You have all heard of blancmange – the dish literally translated as ‘eat white’ that once upon a time (in the Medieval era) was the pale and elegant fusion of chicken, almond milk, and fragrant spices which somehow over the centuries morphed and degenerated into the artificially coloured and flavoured chilled gelatine and cornflour ‘thing’ served at children’s parties.
Perhaps, like me, you have never heard of jaune mange (eat yellow) before? I love it when ignorance is exposed. Especially my own. I came across the phrase somewhere in my recent wanderings, and want to share my findings with you.
Without searching exhaustively, the first reference I came across is in Charlotte Mason’s The Lady’s Assistant for Regulating and Supplying Her Table, in 1777.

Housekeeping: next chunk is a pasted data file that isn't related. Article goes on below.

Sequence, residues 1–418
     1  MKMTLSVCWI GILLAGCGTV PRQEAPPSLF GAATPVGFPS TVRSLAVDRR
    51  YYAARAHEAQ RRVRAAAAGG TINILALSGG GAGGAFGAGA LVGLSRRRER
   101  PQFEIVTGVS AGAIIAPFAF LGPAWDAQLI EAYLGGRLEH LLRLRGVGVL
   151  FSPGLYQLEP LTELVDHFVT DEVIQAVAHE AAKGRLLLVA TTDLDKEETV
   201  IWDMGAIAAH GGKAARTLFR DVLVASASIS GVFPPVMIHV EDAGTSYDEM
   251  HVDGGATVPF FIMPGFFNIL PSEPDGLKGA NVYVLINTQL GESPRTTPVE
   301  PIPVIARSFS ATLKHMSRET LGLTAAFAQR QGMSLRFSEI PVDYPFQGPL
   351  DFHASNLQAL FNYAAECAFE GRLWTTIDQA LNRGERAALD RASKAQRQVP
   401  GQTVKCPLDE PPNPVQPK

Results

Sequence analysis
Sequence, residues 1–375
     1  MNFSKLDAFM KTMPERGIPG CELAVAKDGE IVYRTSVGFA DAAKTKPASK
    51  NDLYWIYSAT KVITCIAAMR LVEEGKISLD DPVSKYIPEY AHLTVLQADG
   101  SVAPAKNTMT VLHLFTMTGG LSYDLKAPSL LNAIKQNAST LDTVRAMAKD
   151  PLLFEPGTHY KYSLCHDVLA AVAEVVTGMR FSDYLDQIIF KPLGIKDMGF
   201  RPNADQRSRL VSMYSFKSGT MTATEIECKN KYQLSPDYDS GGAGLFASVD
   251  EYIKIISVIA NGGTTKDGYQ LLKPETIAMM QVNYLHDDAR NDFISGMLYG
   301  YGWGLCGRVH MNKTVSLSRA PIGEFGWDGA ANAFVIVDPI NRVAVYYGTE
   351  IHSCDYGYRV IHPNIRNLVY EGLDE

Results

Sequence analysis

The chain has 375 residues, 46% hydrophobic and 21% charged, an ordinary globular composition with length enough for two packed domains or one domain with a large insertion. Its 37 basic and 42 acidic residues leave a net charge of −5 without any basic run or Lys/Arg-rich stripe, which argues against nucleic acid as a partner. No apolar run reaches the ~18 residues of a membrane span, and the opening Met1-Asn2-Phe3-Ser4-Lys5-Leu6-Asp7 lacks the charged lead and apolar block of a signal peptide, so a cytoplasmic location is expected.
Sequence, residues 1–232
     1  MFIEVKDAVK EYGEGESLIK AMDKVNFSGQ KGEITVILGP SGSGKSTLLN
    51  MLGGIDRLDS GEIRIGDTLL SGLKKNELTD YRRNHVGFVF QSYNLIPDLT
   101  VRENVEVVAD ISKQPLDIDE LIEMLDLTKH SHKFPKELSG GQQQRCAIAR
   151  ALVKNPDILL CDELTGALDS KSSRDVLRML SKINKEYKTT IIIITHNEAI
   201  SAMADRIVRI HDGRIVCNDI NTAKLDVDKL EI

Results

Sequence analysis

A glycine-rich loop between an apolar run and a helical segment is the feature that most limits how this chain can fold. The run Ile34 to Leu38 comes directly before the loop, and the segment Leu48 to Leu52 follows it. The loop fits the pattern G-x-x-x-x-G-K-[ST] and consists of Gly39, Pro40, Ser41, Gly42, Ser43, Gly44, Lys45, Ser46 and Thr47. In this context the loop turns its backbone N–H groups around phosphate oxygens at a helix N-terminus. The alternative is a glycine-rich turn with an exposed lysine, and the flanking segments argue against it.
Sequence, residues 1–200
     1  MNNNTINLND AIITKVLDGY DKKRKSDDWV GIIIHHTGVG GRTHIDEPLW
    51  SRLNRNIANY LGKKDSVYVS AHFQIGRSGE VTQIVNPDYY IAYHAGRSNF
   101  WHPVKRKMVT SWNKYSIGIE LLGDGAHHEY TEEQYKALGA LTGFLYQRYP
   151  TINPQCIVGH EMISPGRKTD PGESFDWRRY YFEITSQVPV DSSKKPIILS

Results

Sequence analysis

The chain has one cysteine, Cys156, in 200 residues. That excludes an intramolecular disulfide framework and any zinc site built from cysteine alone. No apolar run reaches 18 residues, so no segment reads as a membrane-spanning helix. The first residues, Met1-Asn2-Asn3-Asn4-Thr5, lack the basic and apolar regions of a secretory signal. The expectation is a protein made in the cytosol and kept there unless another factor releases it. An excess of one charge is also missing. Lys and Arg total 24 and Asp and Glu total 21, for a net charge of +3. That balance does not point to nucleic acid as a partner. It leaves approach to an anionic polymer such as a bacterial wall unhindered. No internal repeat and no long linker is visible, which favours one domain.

Charlotte gives general directions on how to colour blancmange green (juice of spinach), red (cochineal, steeped in a bit of brandy), and yellow (saffron). She also gives a specific recipe for Jaune Mange – a delicious sounding orange custard set with isinglass (the old-fashioned gelatine).
Boil one ounce of isinglass in three quarters of a pint of water, till melted, strain it; add the juice of two Seville oranges, a quarter of a pint of white wine, the yolks of four eggs beaten and strained, sugar to the taste; stir it over a gentle fire till it just boils up; when cold put it into a mould or mould: if there should be any sediment, take care not to pour it in.
Quotation for the Day.
Chopsticks are one of the reasons the Chinese never invented custard.